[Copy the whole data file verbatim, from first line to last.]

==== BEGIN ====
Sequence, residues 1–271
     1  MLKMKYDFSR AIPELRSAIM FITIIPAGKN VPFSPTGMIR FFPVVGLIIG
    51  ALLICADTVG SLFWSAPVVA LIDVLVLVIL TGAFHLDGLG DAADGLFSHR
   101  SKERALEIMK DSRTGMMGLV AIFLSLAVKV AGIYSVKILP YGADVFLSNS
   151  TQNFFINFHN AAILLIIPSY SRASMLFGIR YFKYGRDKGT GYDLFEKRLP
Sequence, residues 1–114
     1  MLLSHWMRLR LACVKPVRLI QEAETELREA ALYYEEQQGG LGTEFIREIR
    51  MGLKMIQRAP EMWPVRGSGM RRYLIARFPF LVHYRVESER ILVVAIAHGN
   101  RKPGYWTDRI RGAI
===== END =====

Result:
Sequence, residues 1–271
     1  MLKMKYDFSR AIPELRSAIM FITIIPAGKN VPFSPTGMIR FFPVVGLIIG
    51  ALLICADTVG SLFWSAPVVA LIDVLVLVIL TGAFHLDGLG DAADGLFSHR
   101  SKERALEIMK DSRTGMMGLV AIFLSLAVKV AGIYSVKILP YGADVFLSNS
   151  TQNFFINFHN AAILLIIPSY SRASMLFGIR YFKYGRDKGT GYDLFEKRLP
Sequence, residues 1–114
     1  MLLSHWMRLR LACVKPVRLI QEAETELREA ALYYEEQQGG LGTEFIREIR
    51  MGLKMIQRAP EMWPVRGSGM RRYLIARFPF LVHYRVESER ILVVAIAHGN
   101  RKPGYWTDRI RGAI